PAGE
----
Mark Lindquist History





Birth of Project

To Blakely
Team Blakely
Building Bridges
Knowing Blakely
Studying Tree
Show Begins
Digging Deep
Main Event
Tree Character

Super Ax
 Film Perspective
Trust Vision
Last Day

Studio Life
Winding Down
30K View





The Blakely Burl Tree Project: The Story

The Blakely Burl Tree Project:
From The Ground Up

by Terry Martin



Usually the outside of a wooden vessel is made first, then the inside is cut to conform to the exterior. Mark and Gary are doing the exact opposite. They have carved the deeply scalloped interior and Wednesday morning they begin matching the outside to it. They seem to be working instinctively, but I know that every cut is the result of years of experience—decades in fact. Both of these men know exactly how the other thinks and the work flows smoothly.

Mark Lindquist and Gary Stevens studying the newly cut wood. 
Photo: John McFadden

I have been amazed to watch them work so hard for so many days because I know that neither of them should be doing hard physical work at all. Both Mark and Gary have suffered major injuries in the past that limit their movement. Since a terrible car accident many years ago Mark has suffered lingering problems that can leave him prostrate with pain. Gary has screws and plates in his neck that cause agonizing flare-ups. Almost every day I have seen deep pain etched into their faces, but there have been no complaints and they have continued relentlessly with the work.

Gary Stevens (left) and Mark Lindquist working collaboratively on the Blakely Burl Tree wood.  They began their first collaboration in 1998. 
Photo: John McFadden

Lindquist uses a side-handle for safety and control while chainsaw carving the interior.  
Photo: John McFadden

Mark takes a break to spend some time with the film crew, so Gary starts smoothing the curves with a rotary cutter.  He pauses to check progress and I ask him how it’s going.

Gary Stevens with his pneumatic grinder and carbide cutting disc, working the interior of the sculpture.  
Photo: John McFadden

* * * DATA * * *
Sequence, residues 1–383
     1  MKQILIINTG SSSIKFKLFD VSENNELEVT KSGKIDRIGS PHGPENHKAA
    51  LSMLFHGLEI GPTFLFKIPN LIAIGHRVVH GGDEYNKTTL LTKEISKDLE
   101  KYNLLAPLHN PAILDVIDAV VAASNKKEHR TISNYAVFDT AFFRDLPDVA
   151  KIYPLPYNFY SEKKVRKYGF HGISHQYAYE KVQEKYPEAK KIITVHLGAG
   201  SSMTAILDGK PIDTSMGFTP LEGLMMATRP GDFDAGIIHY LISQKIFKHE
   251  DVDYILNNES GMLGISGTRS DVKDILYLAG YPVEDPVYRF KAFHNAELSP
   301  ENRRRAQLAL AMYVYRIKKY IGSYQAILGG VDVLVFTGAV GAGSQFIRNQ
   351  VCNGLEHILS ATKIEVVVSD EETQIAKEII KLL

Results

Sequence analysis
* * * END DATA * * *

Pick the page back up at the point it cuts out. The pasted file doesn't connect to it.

“This is a fun job,” he says, “Time just slips away and that tells you how enjoyable it is.”

When I ask what the wood is like to work with, he smiles happily. “Well, so many times you have great expectations when you are harvesting a piece of wood, but then it ends up being rotten. With this job we didn’t know exactly what we had until the tree was cut, so there was a high level of anticipation. We wanted it to be a good piece of wood. Now I can say that it’s a great piece of wood!”

I describe the thoughts I had yesterday about Mel, and Gary looks around: “Well, there’s something about being in this studio. When I was working here, Mel would often stand close by and look over my shoulder. While I’m working on this piece those memories are very sharp. I feel like he’s looking down from wherever he is and having a good laugh at us enjoying the whole process.”

He carves some more, then stops to add something he has just thought of: “You know, while we were cutting up that tree at Steve’s place I was already chomping at the bit. I was imagining pieces I could make, so having a chance to immediately start on a piece with Mark caps off the whole experience. Gathering the material was pretty exciting, but making this sculpture is like unwrapping a magnificent thing.”

Gary Stevens carving the exterior of the sculpture in the evening at Lindquist Studios. 
Photo: John McFadden

Gary starts carving again, so I leave him with John still relentlessly snapping photos. In the photographic studio Mark is being filmed. His narrative ranges far and wide, covering the whole history of the BBTP then blending in the story of his father, his own work and Lindquist Studios. As I listen I realize that for Mark the BBTP seamlessly fits into his whole life adventure. All of the events of his life seem to have prepared him for this task: his experience working with wood, particularly burls; his photographic skills; his computer savvy that has enabled him to use images and ideas to promote art; his years of negotiating with top-end galleries and events to present his art at the highest level; his network of friends who can help him with work like this…..the list seems endless. But most of all it is Mark’s fierce determination that carries him through. I watch him speak with intense concentration to the camera. In the best sense of the word, Mark is probably the most single-minded person I know.

Mark Lindquist in his scupture gallery during filming for the Blakely Burl Tree Project.  
Photo: John McFadden

Introduction | The Story | The Tree | The Artwork | Team | NewsFilm | Sawmill | Location | Rice Foundation